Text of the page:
A DMX network is connected in a daisy-chain fashion. Each DMX-controllable fixture has a 'DMX IN' port and a 'DMX THRU' (sometimes called 'DMX OUT') port. To connect these together, the 'DMX IN' of the first fixture should be connected to the 'DMX OUT' of the lighting desk/controller, and then each subsequent fixture's 'DMX IN' connected to the 'DMX THRU' of the previous fixture. The DMX512 specification allows for up to 32 devices to be connected in one chain before signal degradation starts to affect further devices.

The DMX512 specification states that the last fixture in a DMX chain must have a 'DMX Terminator' connected to the 'DMX THRU' port. A terminator is simply a male DMX connector with a 120 ohm resistor connected between the data pins. It's purpose is to prevent electrical reflections which could distort the transmitted data. In practice this only becomes a problem with large DMX signal chains.

It is important to note that on the majority of fixtures the 'DMX OUT' or 'DMX THRU' ports are passively connected to the 'DMX IN', therefore even if a connected fixture is without power, data will still travel through the system. This also means that exactly the same data is sent out as was received in - the fixture does not 'eat' any of the data.

[edit] Fixture Addressing

In order for a fixture to read the correct information from the DMX packet, it must be addressed by telling the fixture which DMX channel to read data from. On some fixtures this is entered via buttons and an LCD display, but on others it is calculated by setting DIP switches on the fixture which spell out the correct value in binary. If the fixture has multiple parameters (for example a complex moving light) the value entered is used as the 'Start Address'. For example, in a fixture with 3 channels for red, green and blue LED brightness, a start channel of 345 will cause the fixture to read data for these parameters on channels 345, 346 and 347 respectively.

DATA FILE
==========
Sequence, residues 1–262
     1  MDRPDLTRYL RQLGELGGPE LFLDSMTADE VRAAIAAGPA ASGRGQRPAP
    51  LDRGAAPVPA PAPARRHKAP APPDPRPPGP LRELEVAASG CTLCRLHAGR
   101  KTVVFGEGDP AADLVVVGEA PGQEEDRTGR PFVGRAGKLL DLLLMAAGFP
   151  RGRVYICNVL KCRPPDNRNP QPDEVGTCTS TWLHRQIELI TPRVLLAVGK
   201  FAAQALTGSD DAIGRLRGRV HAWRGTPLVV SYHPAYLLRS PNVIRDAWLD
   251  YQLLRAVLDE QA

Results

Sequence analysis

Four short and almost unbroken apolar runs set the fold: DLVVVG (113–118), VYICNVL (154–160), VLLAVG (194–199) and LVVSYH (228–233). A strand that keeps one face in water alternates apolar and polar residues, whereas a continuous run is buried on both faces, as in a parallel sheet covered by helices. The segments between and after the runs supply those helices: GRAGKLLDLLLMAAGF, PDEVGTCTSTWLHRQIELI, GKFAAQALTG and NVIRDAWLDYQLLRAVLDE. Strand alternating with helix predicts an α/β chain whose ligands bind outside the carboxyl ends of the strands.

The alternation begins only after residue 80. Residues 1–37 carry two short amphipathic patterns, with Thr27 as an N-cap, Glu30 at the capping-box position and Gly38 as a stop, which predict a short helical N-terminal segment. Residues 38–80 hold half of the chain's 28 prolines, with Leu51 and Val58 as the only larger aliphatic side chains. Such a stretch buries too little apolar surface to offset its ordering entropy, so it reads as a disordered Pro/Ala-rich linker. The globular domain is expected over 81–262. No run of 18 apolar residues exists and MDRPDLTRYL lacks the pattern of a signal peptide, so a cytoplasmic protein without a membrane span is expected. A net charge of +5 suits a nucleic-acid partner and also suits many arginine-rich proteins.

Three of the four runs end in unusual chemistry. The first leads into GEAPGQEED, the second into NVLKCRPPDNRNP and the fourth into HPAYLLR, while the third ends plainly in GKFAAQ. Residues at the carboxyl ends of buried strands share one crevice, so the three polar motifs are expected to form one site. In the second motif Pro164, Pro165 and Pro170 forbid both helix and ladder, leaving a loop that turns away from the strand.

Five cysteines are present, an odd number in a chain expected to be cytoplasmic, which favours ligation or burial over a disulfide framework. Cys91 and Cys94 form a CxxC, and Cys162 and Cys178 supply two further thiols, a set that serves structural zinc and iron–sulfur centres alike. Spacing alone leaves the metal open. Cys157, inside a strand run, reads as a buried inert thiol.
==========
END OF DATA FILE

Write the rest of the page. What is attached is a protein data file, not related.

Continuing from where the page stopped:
[edit] Connectors

DMX512 is connected using 5-pin XLR connectors. Although only 3 of the pins are actually used, 5-pin connectors are specified by the DMX512 standard in order to avoid confusion with 3-pin XLR connectors used for audio. This confusion could be particularly disastrous if a high powered audio line is accidentally connected to a lighting fixture. Some manufacturers however (particularly of cheaper and 'budget' equipment) disregard this and provide 3-pin XLR connectors on their equipment for reasons of cost. In this case, simple in-line adapters can be used. Some equipment comes equipped with both 3-pin and 5-pin connectors in order to save hassle.

DMX512 follows standard signal directions in that an output always uses a female connector, and an input always uses a male. It should be noted that this is the opposite of audio cable signal direction.

DMX cable is electrically different to audio cable (another reason why connectors should be differentiated), and although audio cable can be used for DMX connections, it will not provide a reliable connection due to the decreased resistance of the cable. This will result in flickering and drop-outs over long cable runs.


[edit] DMX In Max

[edit] Hardware

[edit] Max Objects